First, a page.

Monk’s surrealism has been interpreted as clowning around or startling.   “Oh, look! I just clanged a minor second! Isn’t that funny!”  The Tom Lord discography lists songs called, “Monkin’ Around,” “Monkin’ Business,” “Monk-ing Around,” and “Monking Business.”  To the composers of these works I say:   Fuck you.  Monk never monkeyed around or did any monkey business. Sure, some of his renditions of standards like “Remember” or “Just A Gigolo” are among the greatest examples of jazz surrealism ever recorded.  But they are still serious.  And his clanging minor seconds come straight from boogie-woogie and Harlem stride, not the circus.

Monk’s music is more specific than many realize.  Monk had very little to do with paper, although he could read music very well and write it, too.  He just thought that paper missed the point, because you needed to learn it from him to get it all, and how was paper going to help you do that?  Beginning with Miles Davis, many Monk interpreters have muddled the details.

Monk’s rhythmic concept is strong, obvious, and profound, and if you take that away, you miss the point entirely.  Once in a while a ballad is out of tempo, although, even then, there is never any doubt as to where “one” is.  Most of the time it marches and undulates, and there is also an Afro-Cuban or Caribbean element, brought out on Danilo Perez’s aforementioned Panamonk and Jerry Gonzales and the Fort Apache Band.  But Perez and Gonzales really know what they are doing.   The average jam session version of "Bemsha Swing" rendered as a humorous latin number evades the deeper meaning of Monk's special feel.

Am I saying that no one but Monk should play his music?  No, he’s a great composer and a signal stylist who should be fair game for anybody.

Still, there are only two Monk tribute albums that I keep in steady rotation, and both of them feature special performances by great drummers.  Evidence by Steve Lacy and Don Cherry has a divine turn by Billy Higgins.  The horn solos are excellent, too, although they incorrectly reduce the melody of “Evidence” to a simple hemiola. (Who is Carl Brown?  This mysterious bassist plays great, too.)  I also appreciate Tommy Flanagan’s thoughtful Thelonica with George Mraz, especially for a rare occasion to hear Art Taylor swinging so hard in the early 80’s.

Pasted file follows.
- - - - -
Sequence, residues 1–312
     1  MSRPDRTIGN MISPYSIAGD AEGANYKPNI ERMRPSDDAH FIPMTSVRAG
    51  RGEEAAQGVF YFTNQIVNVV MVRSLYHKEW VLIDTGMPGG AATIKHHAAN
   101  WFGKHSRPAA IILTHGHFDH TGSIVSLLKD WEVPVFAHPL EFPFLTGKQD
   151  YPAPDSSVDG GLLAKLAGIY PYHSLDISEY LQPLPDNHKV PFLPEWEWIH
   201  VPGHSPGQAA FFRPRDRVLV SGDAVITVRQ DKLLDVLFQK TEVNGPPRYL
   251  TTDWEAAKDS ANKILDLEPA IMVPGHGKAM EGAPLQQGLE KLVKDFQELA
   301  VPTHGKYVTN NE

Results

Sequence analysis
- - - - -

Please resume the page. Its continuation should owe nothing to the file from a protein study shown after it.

However, Flanagan was regrettably part of one of the least successful Monk performances I’ve ever experienced, the duo with Barry Harris in the movie Straight, No Chaser.  It’s not that Flanagan and Harris aren’t heavy, or that this version of “Well, You Needn’t” is so bad.  In its way it’s very good -- How could it not be, with Tommy Flanagan and Barry Harris playing the piano?

But after an hour of Thelonious Monk on video, Flanagan and Harris look and sound like cocktail pianists.  Monk is a major 20th Century stylist and artist:  Every word, every suit, every song title, and (especially) every note was thought out and delivered with maximum intensity.  It would have been unfair to make any other modern jazz pianist follow Monk and play one of his tunes in Straight No Chaser.

To their credit, Flanagan and Harris couldn’t get on a bandstand without swinging.  Martial Solal can swing, too, but he doesn’t seem to take that technique seriously enough.  At least, I could have used a bit more of it from him last night, especially after he said that Monk couldn’t play the piano.


My experience at the Kimmel began well.  When I went in the foyer was packed with people sampling wine and dancing to the oldies, a state of affairs probably envied by other centralized PACs.  It was a PIFA:  Family Fun Weekend, and my “rush” ticket was only $10 -- I expected to pay at least three times as much.   (But I wasn’t told about the hour of student Monk I’d have to sit through, either.)

The really exciting event was getting to hear Robin D.G. Kelley’s pre-concert talk.  I’ve spent this whole post bitching about Monk interpretation and reception, so it’s high time to acknowledge Kelley’s sensational book, Thelonious Monk: The Life and Times of an American Original.  The inexpensive paperback edition is just out:  everyone who enjoys DTM should buy it.  A couple of unedited extras are available on the book’s website; see especially the material on “Eronel” and the Five Spot.

Kelley’s book was released around the same time as Terry Teachout’s biography of Louis Armstrong, Pops.  Teachout positions Armstrong not just as a jazz musician, but as an overwhelmingly important figure in popular culture. (This great book is out in paperback, too.)